A B.C. Supreme Court judge recently ruled that the developer of a strata-titled development had an obligation not to put its interests ahead of the interests of future owners.
The developer had agreed to give the first purchaser in the development an exclusive 99-year lease of a rooftop patio owned by the strata corporation. Since the developer owned all of the strata lots, it entered into the lease on the strata corporation’s behalf. The lease provided that no rent was payable to the strata corporation, and that the strata corporation would pay for all maintenance and repair costs. The purchaser would not have purchased the strata lot if the developer had not included the lease of the patio.
Subsequent purchasers were aware of the lease and there were no complaints about it until 11 years later, when a new owner convinced the strata corporation to pass a bylaw making the first purchaser responsible for all of the costs of the leased patio area.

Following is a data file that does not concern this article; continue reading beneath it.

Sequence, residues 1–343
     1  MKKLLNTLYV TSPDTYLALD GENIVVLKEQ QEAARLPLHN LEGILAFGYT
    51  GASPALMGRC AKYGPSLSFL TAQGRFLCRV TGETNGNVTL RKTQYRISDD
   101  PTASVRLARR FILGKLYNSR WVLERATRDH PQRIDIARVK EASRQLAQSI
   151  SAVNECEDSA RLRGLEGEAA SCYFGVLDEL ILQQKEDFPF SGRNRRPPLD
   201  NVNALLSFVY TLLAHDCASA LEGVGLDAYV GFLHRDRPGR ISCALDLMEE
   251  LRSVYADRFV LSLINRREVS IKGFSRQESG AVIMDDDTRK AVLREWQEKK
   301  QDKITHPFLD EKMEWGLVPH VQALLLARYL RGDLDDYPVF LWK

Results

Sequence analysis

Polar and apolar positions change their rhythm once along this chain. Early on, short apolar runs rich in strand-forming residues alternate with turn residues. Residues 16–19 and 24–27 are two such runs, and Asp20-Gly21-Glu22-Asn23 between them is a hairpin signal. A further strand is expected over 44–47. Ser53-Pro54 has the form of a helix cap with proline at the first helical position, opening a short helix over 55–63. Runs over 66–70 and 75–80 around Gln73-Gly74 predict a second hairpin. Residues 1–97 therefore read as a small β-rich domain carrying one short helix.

The first purchaser brought an action against the strata corporation for a declaration that the bylaw was unenforceable because it violated the lease. However, the judge ruled that the lease was void because it was not in the best interest of all of the owners. Because strata corporations have a duty under the Strata Property Act to manage common property for the benefit of all owners, developers are not permitted to use their initial control of the strata corporation to benefit themselves at the expense of future owners.